Our take on the news
• The $20 car tab charge proposed in Electric City is just the latest swing of a very large pendulum. We love services, we hate taxes. Government tries to meet our needs, then gets shot down for spending too much. That’s how initiative king Tim Eyman makes a living, as he was doing when he convinced voters to hack off the huge excise fees we used to pay for our car tabs. Yes, they could be excessive, but they did pay for stuff, including some of Electric City’s (and others’) road work.
By the way, at a newspaper conference in Yakima last week, several newspaper people mentioned that municipalities they cover were also wrestling with the $20 tab issue. It’s not just Electric City.
• For weeks, we’ve been breathing smoke from several fires in the state, some of which has been spotted by satellite over the Atlantic. The fall early morning dew smells like soot. Utilities, including Coulee Dam’s, must replace wooden power poles at annoyingly high and unanticipated costs. Saved from the dramatic ravages of the flames, we still have to deal with the mundane aftermath of a lightning storm.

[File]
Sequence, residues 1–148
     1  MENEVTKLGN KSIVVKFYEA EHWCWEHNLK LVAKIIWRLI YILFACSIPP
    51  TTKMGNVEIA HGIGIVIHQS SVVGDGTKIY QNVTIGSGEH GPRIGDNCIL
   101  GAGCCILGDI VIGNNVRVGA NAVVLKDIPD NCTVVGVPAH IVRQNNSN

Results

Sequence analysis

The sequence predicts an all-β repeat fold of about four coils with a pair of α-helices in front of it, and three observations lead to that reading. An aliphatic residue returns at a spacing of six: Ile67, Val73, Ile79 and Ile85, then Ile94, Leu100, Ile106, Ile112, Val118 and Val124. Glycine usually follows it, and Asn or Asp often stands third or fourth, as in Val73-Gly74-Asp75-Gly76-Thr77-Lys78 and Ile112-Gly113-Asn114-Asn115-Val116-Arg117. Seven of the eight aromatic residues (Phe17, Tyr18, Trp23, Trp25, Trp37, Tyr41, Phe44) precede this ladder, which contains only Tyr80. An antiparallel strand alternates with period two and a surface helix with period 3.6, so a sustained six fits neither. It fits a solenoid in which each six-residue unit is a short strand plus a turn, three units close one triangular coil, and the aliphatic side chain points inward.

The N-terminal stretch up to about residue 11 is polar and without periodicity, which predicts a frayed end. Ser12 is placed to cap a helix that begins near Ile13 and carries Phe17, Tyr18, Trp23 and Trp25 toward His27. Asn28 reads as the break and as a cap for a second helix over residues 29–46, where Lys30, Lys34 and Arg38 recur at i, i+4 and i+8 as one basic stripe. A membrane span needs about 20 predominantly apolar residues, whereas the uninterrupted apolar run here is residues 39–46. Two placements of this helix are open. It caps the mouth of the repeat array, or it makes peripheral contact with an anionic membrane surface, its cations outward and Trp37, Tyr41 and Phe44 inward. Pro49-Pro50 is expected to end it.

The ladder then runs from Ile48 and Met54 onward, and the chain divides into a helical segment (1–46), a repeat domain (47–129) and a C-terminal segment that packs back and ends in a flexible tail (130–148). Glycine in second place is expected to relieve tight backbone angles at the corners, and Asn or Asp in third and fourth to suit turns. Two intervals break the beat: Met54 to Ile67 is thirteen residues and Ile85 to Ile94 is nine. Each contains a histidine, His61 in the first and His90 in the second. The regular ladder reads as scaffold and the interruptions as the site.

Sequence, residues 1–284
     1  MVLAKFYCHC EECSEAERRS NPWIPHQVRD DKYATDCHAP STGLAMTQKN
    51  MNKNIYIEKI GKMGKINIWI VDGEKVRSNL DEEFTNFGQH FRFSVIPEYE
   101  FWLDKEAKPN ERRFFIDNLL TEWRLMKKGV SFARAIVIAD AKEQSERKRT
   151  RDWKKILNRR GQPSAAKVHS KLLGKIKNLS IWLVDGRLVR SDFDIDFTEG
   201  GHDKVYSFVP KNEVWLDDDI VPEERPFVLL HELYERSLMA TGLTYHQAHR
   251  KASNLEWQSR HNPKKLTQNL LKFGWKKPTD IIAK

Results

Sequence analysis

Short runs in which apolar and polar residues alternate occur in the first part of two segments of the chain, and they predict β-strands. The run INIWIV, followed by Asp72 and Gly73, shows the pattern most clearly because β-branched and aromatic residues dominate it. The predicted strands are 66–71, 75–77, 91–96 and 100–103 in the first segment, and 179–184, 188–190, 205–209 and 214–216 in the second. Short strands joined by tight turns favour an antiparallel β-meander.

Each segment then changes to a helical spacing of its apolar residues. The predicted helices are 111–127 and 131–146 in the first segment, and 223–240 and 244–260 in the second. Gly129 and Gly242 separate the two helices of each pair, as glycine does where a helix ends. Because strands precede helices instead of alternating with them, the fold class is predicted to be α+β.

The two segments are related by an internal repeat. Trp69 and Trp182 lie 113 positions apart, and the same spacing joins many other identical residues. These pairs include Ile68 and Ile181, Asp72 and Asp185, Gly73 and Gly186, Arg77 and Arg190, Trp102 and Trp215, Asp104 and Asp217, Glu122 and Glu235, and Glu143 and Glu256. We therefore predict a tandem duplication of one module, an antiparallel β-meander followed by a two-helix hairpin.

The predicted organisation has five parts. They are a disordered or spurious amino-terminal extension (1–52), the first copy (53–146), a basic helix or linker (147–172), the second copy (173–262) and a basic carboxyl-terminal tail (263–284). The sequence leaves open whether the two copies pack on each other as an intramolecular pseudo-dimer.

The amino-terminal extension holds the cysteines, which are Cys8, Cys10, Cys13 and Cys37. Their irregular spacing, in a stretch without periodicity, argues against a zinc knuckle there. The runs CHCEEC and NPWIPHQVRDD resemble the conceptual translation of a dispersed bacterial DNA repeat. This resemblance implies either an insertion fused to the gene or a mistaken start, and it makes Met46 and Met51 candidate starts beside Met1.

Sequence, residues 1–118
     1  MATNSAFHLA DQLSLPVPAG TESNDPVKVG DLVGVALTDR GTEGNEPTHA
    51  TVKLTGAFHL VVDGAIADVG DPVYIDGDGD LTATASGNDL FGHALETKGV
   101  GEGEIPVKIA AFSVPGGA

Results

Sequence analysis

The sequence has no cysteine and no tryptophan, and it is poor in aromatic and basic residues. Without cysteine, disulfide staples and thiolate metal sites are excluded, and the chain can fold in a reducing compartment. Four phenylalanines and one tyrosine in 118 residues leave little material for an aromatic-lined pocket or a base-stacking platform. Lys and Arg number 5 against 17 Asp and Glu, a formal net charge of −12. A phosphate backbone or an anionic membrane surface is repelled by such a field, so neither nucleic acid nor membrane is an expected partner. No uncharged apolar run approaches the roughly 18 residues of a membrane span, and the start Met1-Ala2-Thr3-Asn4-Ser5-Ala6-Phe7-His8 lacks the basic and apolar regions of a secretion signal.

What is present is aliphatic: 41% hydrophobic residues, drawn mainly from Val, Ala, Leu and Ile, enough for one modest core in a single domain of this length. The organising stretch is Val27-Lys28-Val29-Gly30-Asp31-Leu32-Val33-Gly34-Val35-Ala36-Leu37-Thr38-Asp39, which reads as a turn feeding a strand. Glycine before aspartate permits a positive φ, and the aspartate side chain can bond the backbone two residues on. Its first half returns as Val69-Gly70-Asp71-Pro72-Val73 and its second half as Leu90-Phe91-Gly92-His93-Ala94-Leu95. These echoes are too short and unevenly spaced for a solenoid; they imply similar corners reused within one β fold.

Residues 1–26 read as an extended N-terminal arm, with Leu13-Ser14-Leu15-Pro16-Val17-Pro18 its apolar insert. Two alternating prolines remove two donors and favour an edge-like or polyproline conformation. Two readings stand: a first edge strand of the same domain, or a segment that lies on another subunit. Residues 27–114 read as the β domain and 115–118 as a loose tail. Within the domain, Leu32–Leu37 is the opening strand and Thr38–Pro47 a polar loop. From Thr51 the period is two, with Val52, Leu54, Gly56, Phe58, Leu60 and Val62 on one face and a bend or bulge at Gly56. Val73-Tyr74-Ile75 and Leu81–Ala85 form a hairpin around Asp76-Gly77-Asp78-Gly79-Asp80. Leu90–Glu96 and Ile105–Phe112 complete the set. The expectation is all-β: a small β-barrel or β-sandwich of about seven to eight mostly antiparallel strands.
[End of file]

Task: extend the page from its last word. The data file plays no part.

• The local Rotary Club’s persistence in pursuing its goal of a handicapped-accessible fishing pier is admirable, if surprisingly necessary. (Full disclosure: I’m a Rotarian.) The project began as a relatively easy one a dozen years ago, when state government had more money; Rotary would be a community partner.
Now the money is raised and the project’s end in sight. Kudos to all those who cooked or ate spaghetti or participated in all the other fund raisers along the way, and to the club presidents who made it happen. Thanks, too, to the Columbia Basin Foundation, for seeing the project worthy of $10,000 in grants.
• People who want chickens in town must be mindful that some don’t. One must assume that there are good reasons for most cities banning livestock within their borders. There was a time when our ancestors kept the family cow in the house. I doubt anyone would advocate that, but might allowing chickens in town be a tiny step back toward that direction?
— Scott Hunter publisher and editor